By By Anna Watanabe
There’s been a lot of panic over the past 48 hours surrounding the temperature of the No. 2 reactor at the TEPCO’s Fukushima nuclear plant.
One of the three thermometers at the base of the reactor shows the core temperature is increasing at an alarming rate.
Temperature readings have been rising slowly since the beginning of the month but increased suddenly on Friday night to 71 degrees.
NHK reports that at 10am (+9 GMT) today, the temperature may have reached 91.2 degrees Celsius (196 degrees F) despite the two other thermometers showing a more reassuring 33 degrees.
In response to the scare, TEPCO has increased the flow of cooling water to 15 tonnes an hour in an attempt to reduce the temperature but insists it is not critical because there has been no detection of xenon gas, a by-product of nuclear reaction, inside the containment vessel.
The Japanese government declared the Fukushima reactor in a state of cold shutdown in December last year, but if it is confirmed the reactor temperature has exceeded 80 degrees, the government will be forced to revoke their “equivalent of cold shut down” declaration.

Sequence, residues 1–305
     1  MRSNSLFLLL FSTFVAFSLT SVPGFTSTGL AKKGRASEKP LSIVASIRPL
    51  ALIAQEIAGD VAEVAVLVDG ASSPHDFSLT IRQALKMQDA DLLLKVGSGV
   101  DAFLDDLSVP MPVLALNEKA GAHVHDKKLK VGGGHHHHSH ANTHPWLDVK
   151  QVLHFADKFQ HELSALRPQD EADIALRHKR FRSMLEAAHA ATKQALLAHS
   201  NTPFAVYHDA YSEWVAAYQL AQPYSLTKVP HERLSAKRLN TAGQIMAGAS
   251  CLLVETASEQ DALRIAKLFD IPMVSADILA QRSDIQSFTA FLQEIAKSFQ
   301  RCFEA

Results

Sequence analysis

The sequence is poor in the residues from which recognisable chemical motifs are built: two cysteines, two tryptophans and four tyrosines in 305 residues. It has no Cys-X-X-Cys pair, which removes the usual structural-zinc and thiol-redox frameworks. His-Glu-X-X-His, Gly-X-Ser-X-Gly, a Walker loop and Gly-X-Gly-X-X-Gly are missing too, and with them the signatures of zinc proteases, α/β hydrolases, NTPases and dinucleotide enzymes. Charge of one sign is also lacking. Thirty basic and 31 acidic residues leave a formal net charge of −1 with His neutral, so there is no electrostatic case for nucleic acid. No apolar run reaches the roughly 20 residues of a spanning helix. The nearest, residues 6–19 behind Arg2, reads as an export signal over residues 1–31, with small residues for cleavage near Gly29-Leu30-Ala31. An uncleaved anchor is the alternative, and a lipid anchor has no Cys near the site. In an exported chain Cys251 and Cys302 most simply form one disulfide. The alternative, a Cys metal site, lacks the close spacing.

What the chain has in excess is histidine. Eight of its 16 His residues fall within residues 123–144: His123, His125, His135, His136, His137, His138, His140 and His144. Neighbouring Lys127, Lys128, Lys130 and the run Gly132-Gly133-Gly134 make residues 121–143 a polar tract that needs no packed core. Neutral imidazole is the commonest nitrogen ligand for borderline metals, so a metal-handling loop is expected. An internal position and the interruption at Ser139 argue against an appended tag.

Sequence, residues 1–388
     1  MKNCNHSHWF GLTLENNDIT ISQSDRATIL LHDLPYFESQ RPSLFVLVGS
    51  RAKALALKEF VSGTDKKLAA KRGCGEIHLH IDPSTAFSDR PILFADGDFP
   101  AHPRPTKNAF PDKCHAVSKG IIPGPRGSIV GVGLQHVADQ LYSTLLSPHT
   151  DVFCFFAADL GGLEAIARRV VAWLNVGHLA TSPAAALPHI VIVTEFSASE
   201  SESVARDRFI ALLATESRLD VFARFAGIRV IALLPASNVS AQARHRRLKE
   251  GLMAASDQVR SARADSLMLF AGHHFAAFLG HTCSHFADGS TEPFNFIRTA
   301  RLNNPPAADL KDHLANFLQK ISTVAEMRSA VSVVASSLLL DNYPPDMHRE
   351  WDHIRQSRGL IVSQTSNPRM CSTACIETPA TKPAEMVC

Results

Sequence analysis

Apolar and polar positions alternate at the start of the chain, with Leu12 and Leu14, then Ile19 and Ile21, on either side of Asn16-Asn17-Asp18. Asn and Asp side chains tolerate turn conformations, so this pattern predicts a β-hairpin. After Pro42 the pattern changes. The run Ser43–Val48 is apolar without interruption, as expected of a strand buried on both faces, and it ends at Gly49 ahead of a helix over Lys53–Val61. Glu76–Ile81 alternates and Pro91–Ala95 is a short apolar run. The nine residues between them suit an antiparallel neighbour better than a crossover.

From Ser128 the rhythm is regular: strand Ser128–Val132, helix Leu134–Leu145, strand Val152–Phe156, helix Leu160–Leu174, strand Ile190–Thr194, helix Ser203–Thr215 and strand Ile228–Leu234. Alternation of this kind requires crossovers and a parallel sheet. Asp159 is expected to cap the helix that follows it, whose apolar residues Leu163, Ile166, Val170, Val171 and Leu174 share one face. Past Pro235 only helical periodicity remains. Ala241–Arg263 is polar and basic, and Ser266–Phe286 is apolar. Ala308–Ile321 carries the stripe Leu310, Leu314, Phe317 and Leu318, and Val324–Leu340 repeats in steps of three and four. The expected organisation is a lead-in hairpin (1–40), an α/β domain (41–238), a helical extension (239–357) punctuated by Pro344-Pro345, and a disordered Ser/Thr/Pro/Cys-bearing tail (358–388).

To be considered “cold shut down” government requires that the reactor temperature remain below 100 degrees, but as the margin of error associated with the thermometers is up to 20 degrees, it must remain under 80 degrees.
No one is sure what caused the temperature rise, but TEPCO said it’s possible cooling water has not been circulating regularly, or has had an unstable flow rate, failing to cool the reactor properly.
But it seems a more likely scenario is that the thermometer recording the unusually high temperatures is faulty. At one point over the last two days, the “temperature” dropped almost 3 degrees in the space on an hour.
If it is true that the thermometer is faulty, then although this hullabaloo will have been for nothing, it’s a welcome change of character from TEPCO to be so on guard. Although tragic, perhaps the disaster at Fukushima was the wake-up call the Japanese Government and people needed to stand up to big business.
In September 2002, TEPCO admitted that it “may have failed to accurately report cracks at its nuclear reactors in the late 1980s and 1990s” and the then-president and vice-president subsequently quit.
The BBC also reported that TEPCO conceded that information had been falsified on over 200 occasions between 1977 and 2002.
But the major concern is that the Japanese government has been turning a blind eye to these goings on. University of Southern California Engineering Professor, Najmedin Meshkati, told PBS: “In one case, they [the government] gave the whistleblower’s name to the utility company. That tells you about culture of regulatory oversight.”
But now that TEPCO and it’s doomed Fukushima reactor are under the world’s microscope, perhaps they will finally step up to the mark and “ensure transparency through information disclosure” as they so proudly say they do on their website.